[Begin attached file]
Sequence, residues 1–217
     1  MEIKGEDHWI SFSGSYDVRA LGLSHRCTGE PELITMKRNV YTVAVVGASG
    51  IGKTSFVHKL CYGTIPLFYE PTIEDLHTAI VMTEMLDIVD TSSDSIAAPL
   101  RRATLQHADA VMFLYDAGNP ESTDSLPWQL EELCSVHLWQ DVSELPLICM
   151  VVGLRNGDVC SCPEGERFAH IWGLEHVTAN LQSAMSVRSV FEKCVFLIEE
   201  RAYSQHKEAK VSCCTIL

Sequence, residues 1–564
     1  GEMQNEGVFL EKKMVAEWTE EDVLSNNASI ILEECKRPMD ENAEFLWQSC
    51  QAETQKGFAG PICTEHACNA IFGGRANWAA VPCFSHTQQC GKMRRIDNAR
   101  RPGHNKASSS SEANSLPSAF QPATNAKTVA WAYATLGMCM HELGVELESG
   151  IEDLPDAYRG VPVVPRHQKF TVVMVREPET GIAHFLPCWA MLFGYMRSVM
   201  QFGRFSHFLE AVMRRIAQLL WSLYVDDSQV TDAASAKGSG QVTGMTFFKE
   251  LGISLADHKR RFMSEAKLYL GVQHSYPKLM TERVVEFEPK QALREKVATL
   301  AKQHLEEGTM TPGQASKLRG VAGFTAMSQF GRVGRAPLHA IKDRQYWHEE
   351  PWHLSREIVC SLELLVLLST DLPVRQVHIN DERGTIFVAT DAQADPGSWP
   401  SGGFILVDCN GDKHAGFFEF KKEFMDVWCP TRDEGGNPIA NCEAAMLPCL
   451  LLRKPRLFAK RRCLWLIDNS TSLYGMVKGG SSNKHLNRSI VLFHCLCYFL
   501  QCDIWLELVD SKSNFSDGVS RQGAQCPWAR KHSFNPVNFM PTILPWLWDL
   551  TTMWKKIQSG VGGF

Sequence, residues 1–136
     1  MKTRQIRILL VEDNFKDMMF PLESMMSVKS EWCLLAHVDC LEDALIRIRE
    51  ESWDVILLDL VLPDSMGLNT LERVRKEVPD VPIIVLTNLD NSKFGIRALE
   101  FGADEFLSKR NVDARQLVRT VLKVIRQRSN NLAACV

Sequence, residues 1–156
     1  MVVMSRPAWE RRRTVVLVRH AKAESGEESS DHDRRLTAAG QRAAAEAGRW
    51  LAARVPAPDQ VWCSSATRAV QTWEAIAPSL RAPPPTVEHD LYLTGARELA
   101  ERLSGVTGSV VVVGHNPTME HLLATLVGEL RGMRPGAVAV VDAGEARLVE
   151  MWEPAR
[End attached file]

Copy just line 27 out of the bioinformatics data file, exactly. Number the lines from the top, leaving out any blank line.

   101  ERLSGVTGSV VVVGHNPTME HLLATLVGEL RGMRPGAVAV VDAGEARLVE